Part of me felt old and part of me was just enjoying sitting at a table with my parents and my relatives, holding my little baby cousin and watching the antics of the younger twenty-somethings. At one point, I had Baby Elsie bouncing on my knee as the music swelled and I looked over at my mom and I mouthed “I want one!” It startled me.

I’ve never really admitted anything like that out loud (even though, technically, it was barely audible…) and it was so bizarre that it even took me off guard. What, exactly, did I want? A wedding? A baby? A dance party with all my closest friends?

The wedding continued, cake was cut, toasts were given, sparklers were lit, family parted ways. I had a two hour drive ahead of me and all I could think about was that whispered admission I had made hours earlier: I want one. It scared me, honestly.

I had saved a few podcasts for the drive home— one of them being a Tim Keller sermon a dear friend had suggested just a day earlier. I drove home, barefoot and tired in the dark Georgia moonlight, listening to that sermon with the backdrop of my wanting and wishful heart pounding along with the pavement.

The sermon convicted and compelled me in a way I haven’t felt in sometime. In it, Keller unpacks the story of the rich young ruler who comes to Jesus to find out what he lacks. He is, by all accounts, a good person. He keeps the commandments. He has done well in his life and has the wealth to show it. But Jesus doesn’t just tell him the one thing he lacks— He tells him he lacks the only thing that matters.

"Jesus smashed this man’s religious views. He came knowing he was lacking… That he needed something to make his relationship right with God. He just wasn’t sure, so he comes and asks. He approaches it with the assumption that Christianity is something you can add and something you can do. He thought he could just furnish his life out with Christianity. Jesus in turn gives an outrageous request: it’s not something you add, it explodes what you have to make way for something new. You must be completely redone. You don’t need one more rung to get over the mountain. What Jesus has smashes through the mountain and makes way for something entirely different. He is not an edition. He isn’t another book on the shelf. He something completely different altogether."

"You obey all the commandments, do you? Let’s just start with the first one. Love God with all your heart, soul, strength, and mind. Have no other gods before me. Ok then— Sell all your stuff and follow me. Is God first in your life? If so, everything and anything else is trivial. Do you have any other gods before him?"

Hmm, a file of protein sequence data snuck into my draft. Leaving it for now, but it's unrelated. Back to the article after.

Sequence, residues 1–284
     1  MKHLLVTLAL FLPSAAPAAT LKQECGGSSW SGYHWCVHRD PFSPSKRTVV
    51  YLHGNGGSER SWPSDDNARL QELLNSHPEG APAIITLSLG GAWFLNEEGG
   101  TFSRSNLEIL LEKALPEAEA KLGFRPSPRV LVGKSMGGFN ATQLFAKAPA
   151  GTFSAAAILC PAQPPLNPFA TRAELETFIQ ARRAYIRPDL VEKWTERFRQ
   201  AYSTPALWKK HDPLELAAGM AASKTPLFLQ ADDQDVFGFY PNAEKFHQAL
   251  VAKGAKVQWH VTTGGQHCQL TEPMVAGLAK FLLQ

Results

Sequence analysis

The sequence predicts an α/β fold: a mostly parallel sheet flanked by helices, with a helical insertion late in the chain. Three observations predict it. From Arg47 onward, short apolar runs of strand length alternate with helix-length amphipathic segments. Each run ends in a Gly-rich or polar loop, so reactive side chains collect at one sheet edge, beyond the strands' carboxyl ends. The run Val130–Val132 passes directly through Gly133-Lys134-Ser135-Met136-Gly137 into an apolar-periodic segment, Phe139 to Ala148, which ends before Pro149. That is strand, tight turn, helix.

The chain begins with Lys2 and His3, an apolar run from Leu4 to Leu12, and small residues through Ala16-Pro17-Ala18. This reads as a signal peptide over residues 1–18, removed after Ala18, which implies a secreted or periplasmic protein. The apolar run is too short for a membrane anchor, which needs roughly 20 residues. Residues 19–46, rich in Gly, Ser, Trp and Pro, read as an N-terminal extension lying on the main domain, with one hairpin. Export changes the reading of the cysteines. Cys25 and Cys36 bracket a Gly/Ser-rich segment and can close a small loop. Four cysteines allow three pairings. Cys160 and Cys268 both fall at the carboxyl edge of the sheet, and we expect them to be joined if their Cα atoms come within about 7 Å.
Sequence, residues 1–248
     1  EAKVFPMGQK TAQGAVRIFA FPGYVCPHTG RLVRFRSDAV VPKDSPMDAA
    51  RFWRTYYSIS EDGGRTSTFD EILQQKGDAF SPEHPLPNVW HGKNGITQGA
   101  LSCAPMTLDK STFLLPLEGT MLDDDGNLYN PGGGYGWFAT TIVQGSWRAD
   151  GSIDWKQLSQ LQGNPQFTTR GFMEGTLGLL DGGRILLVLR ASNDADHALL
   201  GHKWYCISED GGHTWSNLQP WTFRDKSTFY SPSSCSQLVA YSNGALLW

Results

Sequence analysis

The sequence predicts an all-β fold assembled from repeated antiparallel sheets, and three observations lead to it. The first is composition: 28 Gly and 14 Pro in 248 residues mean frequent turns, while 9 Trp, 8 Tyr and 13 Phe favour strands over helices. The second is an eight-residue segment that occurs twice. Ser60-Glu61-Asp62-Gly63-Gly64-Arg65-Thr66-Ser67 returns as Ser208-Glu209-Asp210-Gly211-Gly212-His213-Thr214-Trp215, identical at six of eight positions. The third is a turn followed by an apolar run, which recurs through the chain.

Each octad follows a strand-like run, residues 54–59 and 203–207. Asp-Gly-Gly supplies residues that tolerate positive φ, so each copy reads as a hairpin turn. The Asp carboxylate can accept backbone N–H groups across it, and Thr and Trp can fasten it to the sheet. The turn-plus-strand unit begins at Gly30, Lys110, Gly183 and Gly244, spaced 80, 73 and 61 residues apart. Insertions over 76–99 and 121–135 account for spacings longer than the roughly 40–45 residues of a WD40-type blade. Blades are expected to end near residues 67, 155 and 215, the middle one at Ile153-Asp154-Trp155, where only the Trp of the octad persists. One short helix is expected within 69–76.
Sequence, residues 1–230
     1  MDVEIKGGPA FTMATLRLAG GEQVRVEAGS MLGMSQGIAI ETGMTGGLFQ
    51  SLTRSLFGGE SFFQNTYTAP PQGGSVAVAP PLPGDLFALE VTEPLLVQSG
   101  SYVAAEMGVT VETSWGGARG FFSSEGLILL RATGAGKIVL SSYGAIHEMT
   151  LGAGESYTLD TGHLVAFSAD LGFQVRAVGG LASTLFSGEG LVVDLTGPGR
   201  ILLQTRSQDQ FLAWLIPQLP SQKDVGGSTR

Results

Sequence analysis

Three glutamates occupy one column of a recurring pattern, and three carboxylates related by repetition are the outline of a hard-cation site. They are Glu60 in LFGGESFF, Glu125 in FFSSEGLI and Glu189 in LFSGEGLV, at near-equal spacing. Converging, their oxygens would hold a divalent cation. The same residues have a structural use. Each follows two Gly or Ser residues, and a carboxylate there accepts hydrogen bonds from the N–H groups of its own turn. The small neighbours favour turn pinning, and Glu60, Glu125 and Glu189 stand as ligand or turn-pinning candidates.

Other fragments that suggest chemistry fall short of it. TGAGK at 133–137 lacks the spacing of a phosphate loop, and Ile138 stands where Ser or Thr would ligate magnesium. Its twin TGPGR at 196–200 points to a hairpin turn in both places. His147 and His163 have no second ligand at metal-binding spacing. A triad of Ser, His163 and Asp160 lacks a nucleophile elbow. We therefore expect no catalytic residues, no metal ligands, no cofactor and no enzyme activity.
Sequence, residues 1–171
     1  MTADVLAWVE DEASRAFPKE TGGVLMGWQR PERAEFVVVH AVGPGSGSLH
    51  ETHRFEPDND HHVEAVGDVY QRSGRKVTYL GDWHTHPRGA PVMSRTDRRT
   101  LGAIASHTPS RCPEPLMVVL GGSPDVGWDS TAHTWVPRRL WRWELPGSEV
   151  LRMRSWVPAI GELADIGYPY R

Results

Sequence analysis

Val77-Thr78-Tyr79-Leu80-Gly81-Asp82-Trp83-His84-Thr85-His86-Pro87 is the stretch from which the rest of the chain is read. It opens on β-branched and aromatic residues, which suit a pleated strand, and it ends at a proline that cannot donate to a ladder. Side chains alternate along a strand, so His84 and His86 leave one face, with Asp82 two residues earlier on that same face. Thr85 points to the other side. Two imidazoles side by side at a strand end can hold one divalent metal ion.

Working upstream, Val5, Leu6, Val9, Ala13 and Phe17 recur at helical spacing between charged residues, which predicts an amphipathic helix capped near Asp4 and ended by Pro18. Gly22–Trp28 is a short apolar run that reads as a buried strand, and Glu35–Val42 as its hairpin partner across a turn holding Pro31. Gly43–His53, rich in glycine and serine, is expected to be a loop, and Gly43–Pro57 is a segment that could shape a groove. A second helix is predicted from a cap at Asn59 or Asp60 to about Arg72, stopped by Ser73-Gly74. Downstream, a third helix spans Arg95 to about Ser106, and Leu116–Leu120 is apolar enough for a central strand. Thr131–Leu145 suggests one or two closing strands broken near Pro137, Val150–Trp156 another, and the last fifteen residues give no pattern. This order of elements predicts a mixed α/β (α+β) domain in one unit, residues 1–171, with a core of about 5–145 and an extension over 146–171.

This is where it really got me:

"I want you to be willing to live a single life, all of your life,for me. He comes to Abraham and says "I want you to take your son, your only son whom you love, and offer him as a burnt offering." To the rich young ruler, "I want you to sell everything and follow me." We have to surrender all our dreams. Jesus says "I want the most important thing in your life. I want the thing that, with it, you dream of a power and life without God. Until you do, we aren’t right, and it’s killing you."

Anything that you have decided will give you a life of joy and power without God becomes a monster. It drives you. Jesus looks at the wealth and says “this is your monster. Give it to me. Put me first. Be willing to part with anything and any idea. Be willing to walk away from it all, and let me decide.” Jesus says “surrender your dreams.” It’s not the dream per se, but it’s the dream before Jesus— Your deepest desire above and without him.”

I deeply long to be married. I want a family. Heck, I just want someone to go to weddings and dance with. If you asked me what my deepest desire is, I would say just that. I want one. Out of the abundance of the heart the mouth speaks… And I finally spoke. I want that.

I don’t necessarily think The Lord is calling me to be single all my life, but I know that I am right now and I hate it. I hate it so much that I desire to be rid of it above all else. I do find myself thinking “ok God, if I could just meet someone, then I’d be happy.” Then I wouldn’t need You. Am I willing to walk away from this monster that drives me? The monster that makes me think I will be happy and finally living…without Him who is true life and joy?

I don’t know what this looks like… To really live as one satisfied and totally surrendered to whatever He has for me… To say “yes Lord, if this is what you have for me, I will not waiver…” To never look back at the “treasure” I have left to follow Him… To hand over to Him my greatest desire and ask for a new one: nothing but Himself…

Listen to the sermon here//

April 15th, 2014